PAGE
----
these metals is in the manner that yard waste is collected by
municipalities. Leaves collected at curbside by vacuum truck or
swept into trucks could also collect gutter debris laden with lead
and chromium from automobiles.

In contrast, significant levels of chromium and lead were not
detected in any of the monitoring wells at either Site A or B. This
suggests that the metals rapidly oxidize as they come into contact
with the atmosphere or they are attenuated by compounds in the soil
before they can leach into the ground water.

The results of pesticide sampling indicates that the potential for
pesticide contamination of ground water as the result of yard waste
composting is extremely low. Very low levels of atrazine were
detected in two wells at Site A and at none of the wells at Site B.
One impacted well at Site A was upgradient to the site and the other
well was a deep piezometer. This, added to the fact that atrazine is
typically only used by farmers under controlled conditions, would
indicate that the atrazine contamination probably originated from an
off-site source.

In the leachate analyses, only two samples, both from Site C, had any
measurable pesticide concentrations. One compound, 2,4-D, a very
common broadleaf herbicide used by homeowners, was found at a low
concentration of 1.8 ug/L. The ground water ES for this compound is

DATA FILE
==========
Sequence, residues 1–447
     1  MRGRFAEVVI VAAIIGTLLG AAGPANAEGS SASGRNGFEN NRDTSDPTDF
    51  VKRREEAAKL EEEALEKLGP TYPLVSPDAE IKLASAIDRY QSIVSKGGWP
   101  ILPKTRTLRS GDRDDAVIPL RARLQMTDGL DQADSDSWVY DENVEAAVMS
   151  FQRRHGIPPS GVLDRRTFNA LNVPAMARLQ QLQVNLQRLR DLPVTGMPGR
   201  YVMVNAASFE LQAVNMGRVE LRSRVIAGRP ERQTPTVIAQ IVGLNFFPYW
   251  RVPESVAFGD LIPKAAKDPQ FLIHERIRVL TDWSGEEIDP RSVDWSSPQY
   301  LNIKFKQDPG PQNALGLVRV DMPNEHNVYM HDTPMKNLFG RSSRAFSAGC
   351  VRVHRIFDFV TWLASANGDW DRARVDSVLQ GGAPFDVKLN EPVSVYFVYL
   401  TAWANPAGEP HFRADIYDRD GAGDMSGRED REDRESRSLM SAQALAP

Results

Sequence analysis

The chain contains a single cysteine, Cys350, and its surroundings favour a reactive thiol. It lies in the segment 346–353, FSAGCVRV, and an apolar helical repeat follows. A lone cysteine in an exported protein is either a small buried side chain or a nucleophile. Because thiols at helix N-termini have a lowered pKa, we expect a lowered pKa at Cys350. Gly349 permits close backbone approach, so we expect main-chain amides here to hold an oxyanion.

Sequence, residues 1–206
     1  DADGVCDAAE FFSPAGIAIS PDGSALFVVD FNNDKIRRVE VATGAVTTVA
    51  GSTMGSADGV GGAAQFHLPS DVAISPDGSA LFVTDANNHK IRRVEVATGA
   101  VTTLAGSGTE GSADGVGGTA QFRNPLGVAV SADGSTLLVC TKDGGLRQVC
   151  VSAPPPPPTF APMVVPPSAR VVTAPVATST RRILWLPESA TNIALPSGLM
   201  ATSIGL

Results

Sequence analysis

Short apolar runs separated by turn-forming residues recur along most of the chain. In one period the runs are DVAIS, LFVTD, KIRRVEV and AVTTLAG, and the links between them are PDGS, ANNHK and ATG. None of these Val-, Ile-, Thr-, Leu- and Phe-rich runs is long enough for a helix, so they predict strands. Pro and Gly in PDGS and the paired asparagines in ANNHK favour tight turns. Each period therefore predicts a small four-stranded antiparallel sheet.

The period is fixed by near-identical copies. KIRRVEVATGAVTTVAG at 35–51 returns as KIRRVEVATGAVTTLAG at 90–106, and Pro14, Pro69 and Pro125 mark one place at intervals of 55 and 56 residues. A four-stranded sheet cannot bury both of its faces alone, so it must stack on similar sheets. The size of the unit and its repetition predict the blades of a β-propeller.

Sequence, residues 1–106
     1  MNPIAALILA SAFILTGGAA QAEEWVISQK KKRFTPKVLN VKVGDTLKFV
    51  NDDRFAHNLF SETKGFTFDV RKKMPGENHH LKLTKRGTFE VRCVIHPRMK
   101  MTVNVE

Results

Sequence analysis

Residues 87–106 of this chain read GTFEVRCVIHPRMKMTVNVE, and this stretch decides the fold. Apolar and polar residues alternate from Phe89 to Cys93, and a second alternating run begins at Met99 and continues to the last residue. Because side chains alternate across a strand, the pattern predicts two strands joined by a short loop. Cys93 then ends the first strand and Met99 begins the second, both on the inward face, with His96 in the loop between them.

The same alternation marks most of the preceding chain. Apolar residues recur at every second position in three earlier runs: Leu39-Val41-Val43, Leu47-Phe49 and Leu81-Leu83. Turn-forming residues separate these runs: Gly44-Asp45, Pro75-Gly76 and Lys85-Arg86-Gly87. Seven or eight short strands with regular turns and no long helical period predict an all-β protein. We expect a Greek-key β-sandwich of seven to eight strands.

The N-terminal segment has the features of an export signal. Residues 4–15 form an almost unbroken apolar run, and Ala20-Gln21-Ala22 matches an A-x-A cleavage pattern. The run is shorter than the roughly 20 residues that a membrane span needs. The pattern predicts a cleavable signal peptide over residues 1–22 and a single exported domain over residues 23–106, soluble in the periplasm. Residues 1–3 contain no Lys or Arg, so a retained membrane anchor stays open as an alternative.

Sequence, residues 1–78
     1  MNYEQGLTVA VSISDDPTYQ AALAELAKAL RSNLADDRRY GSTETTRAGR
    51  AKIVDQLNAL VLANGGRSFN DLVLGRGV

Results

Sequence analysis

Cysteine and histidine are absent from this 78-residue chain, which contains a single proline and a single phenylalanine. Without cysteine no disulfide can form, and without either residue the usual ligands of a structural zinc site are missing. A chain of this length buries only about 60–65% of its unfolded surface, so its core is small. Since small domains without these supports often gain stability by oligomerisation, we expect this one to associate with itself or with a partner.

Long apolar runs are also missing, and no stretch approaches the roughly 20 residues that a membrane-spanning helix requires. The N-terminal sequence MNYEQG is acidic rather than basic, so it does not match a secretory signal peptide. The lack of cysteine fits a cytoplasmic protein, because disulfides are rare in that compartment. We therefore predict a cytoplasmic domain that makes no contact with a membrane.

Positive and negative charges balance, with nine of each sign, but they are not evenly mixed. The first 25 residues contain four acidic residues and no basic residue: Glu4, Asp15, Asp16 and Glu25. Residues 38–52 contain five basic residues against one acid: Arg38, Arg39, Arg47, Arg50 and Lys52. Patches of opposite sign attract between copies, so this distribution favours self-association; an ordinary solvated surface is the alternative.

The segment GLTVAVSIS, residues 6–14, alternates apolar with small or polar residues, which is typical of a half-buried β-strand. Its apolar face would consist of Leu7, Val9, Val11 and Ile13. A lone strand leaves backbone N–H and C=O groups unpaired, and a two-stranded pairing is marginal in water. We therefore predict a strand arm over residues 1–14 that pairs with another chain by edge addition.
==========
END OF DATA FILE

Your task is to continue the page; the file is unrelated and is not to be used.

70 ug/L. Helfrich (1992) found similar levels of 2,4-D in yard waste
compost leachate. The other compound detected was a low level of

An interesting result of this study is that there appears to be a
definite correlation between the contaminant concentrations and the
level of anaerobic decomposition at a facility. Generally, the
lowest leachate compound concentrations were found at Site C (Table
4), where the wastes were occasionally moved and aerated. The
highest leachate compound values were found at Sites A and D (Tables
3 and 4), where the piles were seldom, if ever, turned and anaerobic
decomposition dominated.


There are definite, measurable impacts to ground water quality in the
form of elevated levels of nitrates, chloride and sometimes sulfate
at large, unlined yard waste compost sites where materials are
allowed to decompose anaerobically. These impacts can occur under
several different environments and with waste masses that range from
2000 yds3 to 15,000 yds3.

The leachate at these sites typically contain levels of chromium and
lead that exceed the Wisconsin ground Water quality standards, but
pesticide concentrations tend to be very low.    The leachate also
contains high levels of ammonia and total phosphorus that could be